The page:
by Alicia Lieu
Be sure to check out the recipes at the end of this post and check back every month as Alicia shares her adventures of How I Met My Dinner!
Asian desserts are generally less sweet and rich than their American and European counterparts. That means they contain less guilt as well! The recipes call for less sugar, little to no butter, and are often flavored with naturally sweet starches like red and green beans. Summertime treats are also lighter than the average popsicle and ice cream bar.I can’t say that my childhood was lacking in anything, but one thing I always wanted but never got was a Snoopy Sno-cone machine. When I got to college, I bought myself a pretty standard ice shaver but I’ve never lost my desire to have my ice dispensed from Snoopy’s doghouse. Somehow, I still think it would taste better if it came from Snoopy. Crushed childhood dreams aside, Taiwanese style shaved ice does something other than add artificial flavoring to ice. Simple syrups, herbal jellies, and fruits are used to sweeten the ice. Koreans also have their dish called Pat Bing Su, which is shaved ice topped with condensed milk, fruit, beans, mochi (best described as glutinous rice pillows), and ice cream. One of my favorite places for Pat Bing Su is at Koryodong on 32nd Street in Manhattan’s Korea-town. The Green Tea Bing Su is what I get cravings for. Ten Ren Tea is a Taiwanese tea company that has six locations in New York City and 14 locations in California. I am never disappointed by their teas and many of their shops sell Bubble Tea in addition to tea leaves and tea sets. With various flavors of tea, with or without milk and a slushy option as well, the tapioca bubbles–also called pearls–add a different texture to the drink experience. These pearls are bigger than those in a typical pearl necklace and require triple width straws for consumption. Often described as “strange” or “weird” by people who try them for the first time, the pearls are fun to chew. There is a newcomer to the shaved ice market in Flushing, New York called Snopo. I can only describe the experience as how I would imagine eating a cloud, since I’ve never actually eaten snow or clouds. It has the texture of cotton candy, but it’s made with flavored ice. The menu appeals to one’s imagination with names like Princess Strawberry, Romantic Snowy and Asian Queen Romantic Snowy. Snopo flavors include lychee, green tea, mango, coffee and honeydew, among others and toppings include various fruits, beans, jellies, syrups, and cereals.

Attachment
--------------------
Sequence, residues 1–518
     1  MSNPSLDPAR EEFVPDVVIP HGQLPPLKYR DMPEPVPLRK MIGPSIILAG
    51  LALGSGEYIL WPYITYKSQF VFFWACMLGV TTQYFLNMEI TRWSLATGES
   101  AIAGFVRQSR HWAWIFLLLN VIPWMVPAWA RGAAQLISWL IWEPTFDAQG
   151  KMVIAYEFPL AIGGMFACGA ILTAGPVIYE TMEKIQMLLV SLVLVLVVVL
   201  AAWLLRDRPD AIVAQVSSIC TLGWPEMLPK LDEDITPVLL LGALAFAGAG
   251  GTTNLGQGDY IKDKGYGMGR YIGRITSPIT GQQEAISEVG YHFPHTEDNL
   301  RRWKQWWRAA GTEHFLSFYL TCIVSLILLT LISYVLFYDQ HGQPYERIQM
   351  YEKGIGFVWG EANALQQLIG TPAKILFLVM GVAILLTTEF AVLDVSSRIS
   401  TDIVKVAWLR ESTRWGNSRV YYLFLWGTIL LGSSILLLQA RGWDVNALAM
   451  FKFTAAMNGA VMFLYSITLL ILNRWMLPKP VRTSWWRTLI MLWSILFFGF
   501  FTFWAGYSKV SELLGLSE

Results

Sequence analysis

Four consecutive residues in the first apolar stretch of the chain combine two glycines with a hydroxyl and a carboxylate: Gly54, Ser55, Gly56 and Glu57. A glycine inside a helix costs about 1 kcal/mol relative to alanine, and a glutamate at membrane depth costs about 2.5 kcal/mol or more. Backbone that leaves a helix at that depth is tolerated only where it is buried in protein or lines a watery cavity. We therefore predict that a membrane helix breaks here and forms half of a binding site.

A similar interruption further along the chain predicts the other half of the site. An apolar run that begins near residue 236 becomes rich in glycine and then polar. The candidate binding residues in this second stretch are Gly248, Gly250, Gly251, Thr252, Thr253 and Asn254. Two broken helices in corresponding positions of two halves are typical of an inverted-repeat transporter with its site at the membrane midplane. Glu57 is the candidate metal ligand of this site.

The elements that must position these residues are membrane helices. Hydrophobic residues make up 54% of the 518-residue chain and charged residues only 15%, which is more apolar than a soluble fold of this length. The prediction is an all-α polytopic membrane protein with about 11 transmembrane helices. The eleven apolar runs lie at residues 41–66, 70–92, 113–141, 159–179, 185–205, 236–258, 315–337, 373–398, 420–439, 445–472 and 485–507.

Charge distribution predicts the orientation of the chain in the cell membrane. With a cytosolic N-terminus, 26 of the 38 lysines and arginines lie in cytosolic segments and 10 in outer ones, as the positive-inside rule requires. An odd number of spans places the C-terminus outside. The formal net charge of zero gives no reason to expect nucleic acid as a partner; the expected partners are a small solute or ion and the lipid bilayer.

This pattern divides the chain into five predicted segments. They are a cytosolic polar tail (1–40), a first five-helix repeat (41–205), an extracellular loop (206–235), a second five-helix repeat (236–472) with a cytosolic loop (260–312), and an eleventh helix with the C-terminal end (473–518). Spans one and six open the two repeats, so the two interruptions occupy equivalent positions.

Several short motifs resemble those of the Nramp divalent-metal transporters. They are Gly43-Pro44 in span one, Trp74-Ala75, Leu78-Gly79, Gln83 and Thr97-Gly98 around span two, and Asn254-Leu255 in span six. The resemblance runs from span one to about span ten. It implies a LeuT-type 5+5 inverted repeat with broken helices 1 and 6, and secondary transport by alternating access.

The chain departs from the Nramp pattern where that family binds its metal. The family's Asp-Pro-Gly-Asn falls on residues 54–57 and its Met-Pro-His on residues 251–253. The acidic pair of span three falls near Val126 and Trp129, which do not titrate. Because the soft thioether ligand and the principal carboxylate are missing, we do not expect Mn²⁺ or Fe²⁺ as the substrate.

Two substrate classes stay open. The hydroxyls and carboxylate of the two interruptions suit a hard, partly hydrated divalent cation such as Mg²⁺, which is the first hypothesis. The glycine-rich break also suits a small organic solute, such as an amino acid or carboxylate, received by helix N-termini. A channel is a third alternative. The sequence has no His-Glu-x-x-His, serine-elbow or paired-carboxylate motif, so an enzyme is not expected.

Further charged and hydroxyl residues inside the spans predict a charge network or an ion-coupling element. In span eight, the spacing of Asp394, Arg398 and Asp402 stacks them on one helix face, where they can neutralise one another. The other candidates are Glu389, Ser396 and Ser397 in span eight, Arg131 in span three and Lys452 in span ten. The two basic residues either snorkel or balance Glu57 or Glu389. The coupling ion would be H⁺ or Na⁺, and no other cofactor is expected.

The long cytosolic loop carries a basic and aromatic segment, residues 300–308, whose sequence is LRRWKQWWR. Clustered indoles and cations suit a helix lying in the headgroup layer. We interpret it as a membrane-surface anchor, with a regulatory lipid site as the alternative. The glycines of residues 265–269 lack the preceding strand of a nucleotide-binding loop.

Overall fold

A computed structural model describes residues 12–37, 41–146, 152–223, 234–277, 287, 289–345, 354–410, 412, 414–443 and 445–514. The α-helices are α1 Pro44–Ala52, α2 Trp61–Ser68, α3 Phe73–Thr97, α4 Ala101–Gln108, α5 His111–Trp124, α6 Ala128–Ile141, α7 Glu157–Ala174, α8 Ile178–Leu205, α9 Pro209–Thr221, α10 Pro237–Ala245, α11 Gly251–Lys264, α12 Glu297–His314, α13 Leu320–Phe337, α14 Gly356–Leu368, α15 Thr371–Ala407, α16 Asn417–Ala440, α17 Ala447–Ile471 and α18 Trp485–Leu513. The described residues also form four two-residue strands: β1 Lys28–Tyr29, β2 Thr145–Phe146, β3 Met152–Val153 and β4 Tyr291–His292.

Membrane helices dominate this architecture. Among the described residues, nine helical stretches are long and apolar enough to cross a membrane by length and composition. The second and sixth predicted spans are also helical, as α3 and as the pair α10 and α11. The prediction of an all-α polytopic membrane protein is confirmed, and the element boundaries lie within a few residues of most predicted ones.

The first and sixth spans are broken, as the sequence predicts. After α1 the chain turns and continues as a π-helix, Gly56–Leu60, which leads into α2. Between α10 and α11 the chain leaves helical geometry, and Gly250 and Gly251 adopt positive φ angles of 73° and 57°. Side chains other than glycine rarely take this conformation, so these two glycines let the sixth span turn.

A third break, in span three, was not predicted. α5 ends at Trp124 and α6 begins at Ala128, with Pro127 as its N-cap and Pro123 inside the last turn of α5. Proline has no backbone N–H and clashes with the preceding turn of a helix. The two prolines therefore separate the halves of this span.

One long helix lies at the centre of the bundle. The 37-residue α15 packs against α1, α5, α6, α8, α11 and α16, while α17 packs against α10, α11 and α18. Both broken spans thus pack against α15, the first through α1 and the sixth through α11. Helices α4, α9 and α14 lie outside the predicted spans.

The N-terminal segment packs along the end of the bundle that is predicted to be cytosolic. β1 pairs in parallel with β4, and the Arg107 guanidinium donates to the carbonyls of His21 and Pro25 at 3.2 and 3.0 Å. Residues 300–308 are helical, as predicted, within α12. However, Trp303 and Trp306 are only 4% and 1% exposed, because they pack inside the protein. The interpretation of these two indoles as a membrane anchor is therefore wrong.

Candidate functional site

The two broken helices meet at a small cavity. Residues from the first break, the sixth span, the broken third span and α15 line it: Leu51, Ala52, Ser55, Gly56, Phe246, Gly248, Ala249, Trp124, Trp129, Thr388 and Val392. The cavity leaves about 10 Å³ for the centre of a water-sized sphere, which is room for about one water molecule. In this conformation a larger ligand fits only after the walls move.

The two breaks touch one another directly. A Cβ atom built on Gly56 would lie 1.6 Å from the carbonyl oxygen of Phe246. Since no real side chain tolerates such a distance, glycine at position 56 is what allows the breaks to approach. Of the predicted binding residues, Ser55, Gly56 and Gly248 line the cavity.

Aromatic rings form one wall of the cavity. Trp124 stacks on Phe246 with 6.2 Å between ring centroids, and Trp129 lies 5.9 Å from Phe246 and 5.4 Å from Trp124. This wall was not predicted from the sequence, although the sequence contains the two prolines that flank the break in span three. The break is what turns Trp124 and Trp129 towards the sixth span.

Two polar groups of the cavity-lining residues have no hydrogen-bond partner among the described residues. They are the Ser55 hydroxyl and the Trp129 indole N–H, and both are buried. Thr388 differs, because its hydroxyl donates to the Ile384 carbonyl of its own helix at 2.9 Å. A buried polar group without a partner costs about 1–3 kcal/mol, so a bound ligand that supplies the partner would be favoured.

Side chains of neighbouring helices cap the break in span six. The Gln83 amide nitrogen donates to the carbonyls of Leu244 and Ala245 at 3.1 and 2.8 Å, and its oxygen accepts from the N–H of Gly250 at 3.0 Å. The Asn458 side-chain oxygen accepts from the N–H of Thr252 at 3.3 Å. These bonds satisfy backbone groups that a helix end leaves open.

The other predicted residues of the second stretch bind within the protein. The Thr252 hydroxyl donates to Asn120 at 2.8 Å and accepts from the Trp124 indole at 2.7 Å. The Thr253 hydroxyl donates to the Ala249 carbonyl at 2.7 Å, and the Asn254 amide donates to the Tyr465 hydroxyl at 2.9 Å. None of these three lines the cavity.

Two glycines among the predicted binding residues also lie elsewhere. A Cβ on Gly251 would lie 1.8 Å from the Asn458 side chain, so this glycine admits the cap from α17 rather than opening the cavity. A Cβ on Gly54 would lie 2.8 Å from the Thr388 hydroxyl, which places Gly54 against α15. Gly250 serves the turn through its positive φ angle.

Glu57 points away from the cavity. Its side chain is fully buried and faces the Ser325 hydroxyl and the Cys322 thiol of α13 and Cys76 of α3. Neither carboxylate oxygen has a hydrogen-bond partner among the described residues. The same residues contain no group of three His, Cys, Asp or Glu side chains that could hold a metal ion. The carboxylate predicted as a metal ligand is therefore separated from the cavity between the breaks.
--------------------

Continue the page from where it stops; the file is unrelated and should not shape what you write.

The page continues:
Could there be anything better than ice cream? Yes. Deep fried ice cream! Often found in Japanese, Thai and Mexican restaurants, fried ice cream has to be one of the greatest desserts ever invented! I first had deep fried ice cream at El Torito, a California based Mexican restaurant. Thailand’s Center Point in Woodside, New York uses a dough instead of corn flakes for its fried green tea ice cream which creates a lighter texture but still amazingly delicious. It never disappoints.
You can get a watermelon drink in Chinatown that is really refreshing. It is simple to make it at home if you have a blender, and if you are watching your sugar intake, you can omit the simple syrup. Deep fried ice cream is also something you can make at home, although there are a few steps involved. However, it is easy to be creative with it–changing out the coating ingredients, adding spices, or using different flavors of ice cream. There is a recipe for Pat Bing Soo here on the Food Network website.
Here are some recipes for you to try at home:
Chinese Icy Watermelon Drink
2 cups of watermelon, cubed, with seeds removed
2 cups of ice
1/4 cup simple syrup (equal parts sugar and water brought to a boil and cooled)
Place ingredients in a blender and blend until smooth. Serve immediately.
Deep Fried Ice Cream
1 quart ice cream (any flavor)
1 cup cornflakes (crushed)
1 cup Nilla Wafer crumbs
2 large eggs
2 tablespoons sugar
Vegetable oil, for frying
Whipped cream, optional
1. Divide ice cream and shape into four balls. Place them on a cookie sheet and cover in plastic wrap. Freeze for two hours.
2. Mix together the corn flakes and Nilla Wafer crumbs and place in a shallow pan. Coat each ball of ice cream with crumb mixture and place back into the freezer for at least 30 minutes.
3. Beat together the eggs and sugar in a bowl, then dip the ice cream into the egg mixture followed by the crumb mixture. Be sure that the ice cream is completely covered by the crumb mixture. Repeat the coating process if necessary. Freeze for another hour
4. Individually fry the ice cream for 30 seconds to 1 minute in vegetable oil (between 375-400 degrees), until golden brown. Serve immediately with, whipped cream topping optional.